SABAH has prosecuted 23 cases related to pangolins since 2002, said state Wildlife Department director Augustine Tuuga.
Five cases were from Keningau, four in Lahad Datu, Tawau and Sandakan (three in each district), Papar and Kinabatangan (two in each district), and one each in Sipitang, Telupid, Beaufort and Luyang.
In recent years, an amendment was made to the Wildlife Conservation Enactment 1997, in which the world’s most trafficked animal had been upgraded as a “totally protected species”.
Those found hunting, consuming, possessing or selling pangolins or their parts could face a minimum fine of RM50,000 and a maximum fine of RM250,000 or a minimum prison term of one year and up to a maximum term of five years or both.
“Some of the cases were prosecuted under the new amendment, where heavier penalties were handed down to offenders and some are still serving their sentence.
“However, crimes against pangolins continue despite the state Wildlife Department trying its best to combat illegal poaching,” he said, adding there was a need for public cooperation in preventing pangolins from being poached and becoming extinct.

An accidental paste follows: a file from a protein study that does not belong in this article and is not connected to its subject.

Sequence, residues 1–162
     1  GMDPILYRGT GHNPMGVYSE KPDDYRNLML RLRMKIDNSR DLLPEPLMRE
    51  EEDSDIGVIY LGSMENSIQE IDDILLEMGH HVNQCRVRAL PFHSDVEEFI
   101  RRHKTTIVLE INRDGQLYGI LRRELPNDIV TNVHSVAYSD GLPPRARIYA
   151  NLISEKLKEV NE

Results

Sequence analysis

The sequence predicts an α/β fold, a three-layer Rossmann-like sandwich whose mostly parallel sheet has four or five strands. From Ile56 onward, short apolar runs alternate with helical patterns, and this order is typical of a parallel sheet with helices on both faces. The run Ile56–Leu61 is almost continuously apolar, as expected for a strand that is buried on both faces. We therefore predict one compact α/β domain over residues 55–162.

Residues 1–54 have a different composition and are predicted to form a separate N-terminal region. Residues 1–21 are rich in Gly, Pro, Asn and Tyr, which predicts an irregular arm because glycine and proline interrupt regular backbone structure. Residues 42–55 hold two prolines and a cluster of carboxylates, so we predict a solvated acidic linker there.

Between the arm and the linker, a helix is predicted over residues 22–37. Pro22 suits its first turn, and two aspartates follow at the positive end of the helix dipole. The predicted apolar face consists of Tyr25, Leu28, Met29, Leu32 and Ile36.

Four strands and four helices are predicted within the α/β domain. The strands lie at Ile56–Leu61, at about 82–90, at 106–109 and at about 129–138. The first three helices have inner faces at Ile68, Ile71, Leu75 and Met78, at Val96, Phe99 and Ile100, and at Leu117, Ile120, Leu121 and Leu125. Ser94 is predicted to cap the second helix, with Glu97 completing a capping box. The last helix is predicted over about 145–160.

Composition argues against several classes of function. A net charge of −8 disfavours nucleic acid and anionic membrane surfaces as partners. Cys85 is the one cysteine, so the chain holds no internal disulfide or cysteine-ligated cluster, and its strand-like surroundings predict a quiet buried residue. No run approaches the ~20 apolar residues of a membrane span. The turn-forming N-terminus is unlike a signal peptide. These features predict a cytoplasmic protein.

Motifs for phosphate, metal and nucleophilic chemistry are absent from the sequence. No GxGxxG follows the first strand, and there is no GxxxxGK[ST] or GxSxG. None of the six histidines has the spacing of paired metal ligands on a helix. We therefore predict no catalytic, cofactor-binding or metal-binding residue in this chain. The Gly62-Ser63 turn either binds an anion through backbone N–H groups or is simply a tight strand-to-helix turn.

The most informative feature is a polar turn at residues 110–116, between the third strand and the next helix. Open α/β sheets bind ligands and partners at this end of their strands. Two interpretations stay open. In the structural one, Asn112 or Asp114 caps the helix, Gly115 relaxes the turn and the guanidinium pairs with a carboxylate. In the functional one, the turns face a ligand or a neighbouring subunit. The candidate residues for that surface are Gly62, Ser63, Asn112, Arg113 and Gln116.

Augustine was referring to a recent bust of a pangolin smuggling syndicate with the arrest of a man and seizures of 23 live pangolins worth RM8.4 million which were brought into Sabah from Lawas, Sarawak.
Meanwhile, Sabah Tourism, Culture and Environment Minister Datuk Christina Liew said the ministry was finalising the establishment of the Sabah Pangolin Sanctuary and Research Institute to conserve the species with Penang-born philanthropist Peter Chan.
Chan, an engineer, said he was optimistic that research and technology could boost the chances of protecting pangolins.
In terms of research, he said, the institute would come up with an algorithm for the authorities to track down poaching activities.